Doctoral Student Support

As a leading school of public health, Rollins attracts a growing number of PhD candidates each year. Donors who support doctoral programs enable Rollins to compete with much older and larger schools and to advance research by engaging the most exceptional scholars.

One such donor is the Livingston Foundation of Atlanta, which established the Livingston Fellowship to help Rollins students to pursue their doctoral research.

Livingston Fellows

Elizabeth Walker 08MPH and Joseph Njau, pictured above, were the 2012 Livingston Fellows

Joseph Njau, who hails from Tanzania, first came to Rollins as William H. Foege Global Health Fellow and subsequently was admitted into the Health Services Research and Health Policy PhD program. Njau applies his economics background to global public health challenges. Thanks to the Livingston Fellowship, Njau was able to purchase the hardware and software needed to analyze data on the economic effects of malaria.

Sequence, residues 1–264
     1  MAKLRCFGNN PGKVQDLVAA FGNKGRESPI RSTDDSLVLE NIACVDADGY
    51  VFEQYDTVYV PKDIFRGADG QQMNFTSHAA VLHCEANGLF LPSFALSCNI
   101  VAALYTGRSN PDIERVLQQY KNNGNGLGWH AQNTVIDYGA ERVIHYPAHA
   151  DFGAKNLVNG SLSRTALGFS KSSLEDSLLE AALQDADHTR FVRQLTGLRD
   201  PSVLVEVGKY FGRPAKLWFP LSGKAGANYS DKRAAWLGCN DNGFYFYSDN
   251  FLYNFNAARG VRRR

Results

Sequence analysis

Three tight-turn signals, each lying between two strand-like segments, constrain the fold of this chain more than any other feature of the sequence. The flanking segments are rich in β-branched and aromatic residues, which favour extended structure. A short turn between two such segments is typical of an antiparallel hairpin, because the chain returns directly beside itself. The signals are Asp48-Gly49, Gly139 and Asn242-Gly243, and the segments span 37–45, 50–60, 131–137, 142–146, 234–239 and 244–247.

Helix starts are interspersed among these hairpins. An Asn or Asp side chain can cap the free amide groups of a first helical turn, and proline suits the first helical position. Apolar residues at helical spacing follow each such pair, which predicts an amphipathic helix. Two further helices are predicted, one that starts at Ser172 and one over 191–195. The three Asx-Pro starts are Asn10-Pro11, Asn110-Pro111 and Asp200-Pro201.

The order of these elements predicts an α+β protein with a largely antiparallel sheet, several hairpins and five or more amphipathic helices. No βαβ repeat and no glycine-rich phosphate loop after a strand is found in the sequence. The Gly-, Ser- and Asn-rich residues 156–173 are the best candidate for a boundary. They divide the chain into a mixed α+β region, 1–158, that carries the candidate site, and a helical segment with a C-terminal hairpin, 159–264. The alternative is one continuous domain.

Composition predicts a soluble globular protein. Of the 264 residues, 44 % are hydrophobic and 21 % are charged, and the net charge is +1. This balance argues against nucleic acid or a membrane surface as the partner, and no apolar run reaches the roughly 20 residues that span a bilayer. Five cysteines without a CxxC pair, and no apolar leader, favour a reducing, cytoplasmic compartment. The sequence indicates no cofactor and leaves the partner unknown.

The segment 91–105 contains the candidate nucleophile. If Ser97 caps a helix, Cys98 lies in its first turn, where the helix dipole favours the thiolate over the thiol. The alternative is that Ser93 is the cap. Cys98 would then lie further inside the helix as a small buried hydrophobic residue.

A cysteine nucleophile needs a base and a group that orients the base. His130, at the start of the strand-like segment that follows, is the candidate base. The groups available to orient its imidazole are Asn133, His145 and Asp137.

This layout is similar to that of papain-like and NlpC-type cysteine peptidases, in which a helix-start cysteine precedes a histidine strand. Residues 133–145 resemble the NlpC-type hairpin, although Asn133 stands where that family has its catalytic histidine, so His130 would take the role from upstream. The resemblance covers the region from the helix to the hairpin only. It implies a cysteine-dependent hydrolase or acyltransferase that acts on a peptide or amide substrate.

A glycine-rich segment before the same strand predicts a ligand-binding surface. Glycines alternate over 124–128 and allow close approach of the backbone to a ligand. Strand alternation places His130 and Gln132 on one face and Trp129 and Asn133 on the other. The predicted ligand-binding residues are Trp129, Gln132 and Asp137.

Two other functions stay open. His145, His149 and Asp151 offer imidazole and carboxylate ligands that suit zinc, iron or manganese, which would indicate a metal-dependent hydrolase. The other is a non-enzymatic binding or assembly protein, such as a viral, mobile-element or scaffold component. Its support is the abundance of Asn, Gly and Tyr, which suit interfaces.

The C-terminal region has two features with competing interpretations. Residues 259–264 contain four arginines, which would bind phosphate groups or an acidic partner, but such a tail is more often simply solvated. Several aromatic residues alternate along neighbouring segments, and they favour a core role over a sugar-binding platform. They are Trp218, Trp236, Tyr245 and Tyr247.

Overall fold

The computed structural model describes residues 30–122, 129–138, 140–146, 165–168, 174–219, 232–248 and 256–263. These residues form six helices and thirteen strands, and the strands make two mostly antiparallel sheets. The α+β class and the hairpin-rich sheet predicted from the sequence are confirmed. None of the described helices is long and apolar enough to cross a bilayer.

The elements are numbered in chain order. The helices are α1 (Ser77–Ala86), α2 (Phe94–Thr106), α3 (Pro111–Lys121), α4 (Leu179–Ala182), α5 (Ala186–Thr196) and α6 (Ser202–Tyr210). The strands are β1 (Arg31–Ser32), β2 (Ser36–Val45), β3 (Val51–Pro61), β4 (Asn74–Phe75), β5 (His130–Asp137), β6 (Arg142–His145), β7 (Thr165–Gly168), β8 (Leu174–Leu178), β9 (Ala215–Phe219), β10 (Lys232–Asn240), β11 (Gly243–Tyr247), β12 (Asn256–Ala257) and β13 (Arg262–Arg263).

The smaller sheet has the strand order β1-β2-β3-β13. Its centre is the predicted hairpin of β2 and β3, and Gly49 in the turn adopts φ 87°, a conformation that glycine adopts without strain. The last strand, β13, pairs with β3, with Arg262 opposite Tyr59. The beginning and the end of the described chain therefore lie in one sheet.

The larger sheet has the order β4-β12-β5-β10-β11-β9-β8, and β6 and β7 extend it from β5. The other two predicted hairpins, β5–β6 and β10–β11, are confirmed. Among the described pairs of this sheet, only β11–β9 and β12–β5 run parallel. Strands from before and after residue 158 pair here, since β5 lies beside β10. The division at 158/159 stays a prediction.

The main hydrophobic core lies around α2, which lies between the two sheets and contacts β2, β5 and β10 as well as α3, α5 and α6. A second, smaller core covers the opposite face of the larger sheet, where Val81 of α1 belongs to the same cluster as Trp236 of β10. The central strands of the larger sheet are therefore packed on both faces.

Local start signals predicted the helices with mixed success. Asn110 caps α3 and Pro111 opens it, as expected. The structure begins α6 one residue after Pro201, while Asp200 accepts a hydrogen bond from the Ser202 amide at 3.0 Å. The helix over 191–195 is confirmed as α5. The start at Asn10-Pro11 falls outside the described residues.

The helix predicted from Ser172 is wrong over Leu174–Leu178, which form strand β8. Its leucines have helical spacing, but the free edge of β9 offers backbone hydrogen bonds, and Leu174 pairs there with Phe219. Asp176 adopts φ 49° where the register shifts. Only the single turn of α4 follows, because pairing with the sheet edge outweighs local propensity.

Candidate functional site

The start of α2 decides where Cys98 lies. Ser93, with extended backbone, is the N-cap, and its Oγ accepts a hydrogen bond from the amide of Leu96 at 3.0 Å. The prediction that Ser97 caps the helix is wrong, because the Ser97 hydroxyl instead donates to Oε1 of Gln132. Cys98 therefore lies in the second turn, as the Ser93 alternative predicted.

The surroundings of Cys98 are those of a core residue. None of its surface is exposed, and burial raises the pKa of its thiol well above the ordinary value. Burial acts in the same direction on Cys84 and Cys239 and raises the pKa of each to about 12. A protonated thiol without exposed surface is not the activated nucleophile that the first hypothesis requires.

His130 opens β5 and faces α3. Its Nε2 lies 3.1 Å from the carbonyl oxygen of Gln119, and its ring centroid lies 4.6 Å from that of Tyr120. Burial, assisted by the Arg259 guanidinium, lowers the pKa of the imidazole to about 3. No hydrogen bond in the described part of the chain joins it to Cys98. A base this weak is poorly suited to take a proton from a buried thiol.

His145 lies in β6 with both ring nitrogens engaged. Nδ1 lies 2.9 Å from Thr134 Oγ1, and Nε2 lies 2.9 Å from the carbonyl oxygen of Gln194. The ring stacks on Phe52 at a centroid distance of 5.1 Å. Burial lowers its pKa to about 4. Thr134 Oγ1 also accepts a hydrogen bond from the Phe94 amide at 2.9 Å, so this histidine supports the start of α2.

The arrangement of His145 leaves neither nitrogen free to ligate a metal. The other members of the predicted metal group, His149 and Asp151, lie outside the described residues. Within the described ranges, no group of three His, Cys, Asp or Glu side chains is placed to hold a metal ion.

Having attained his PhD in health services research and policy in May, 2013, Njau plans to continue working with institutions and individuals committed to reducing the global burden of malaria and neglected tropical diseases worldwide. He currently works as a Prevention Effectiveness Fellow in the CDC's Global Immunization Division.


I truly appreciate the efforts of the Rollins School of Public Health and the generosity of donors, such as the Livingston Foundation, in supporting doctoral students. Rollins has fostered an environment in which I was able to successfully design and conduct a dissertation research project that I am passionate about. I have also had opportunities at Rollins to round out my academic experience through collaborating with faculty on research projects, instructing MPH students, and serving on committees.

Elizabeth Walker

2012 Livingston Fellow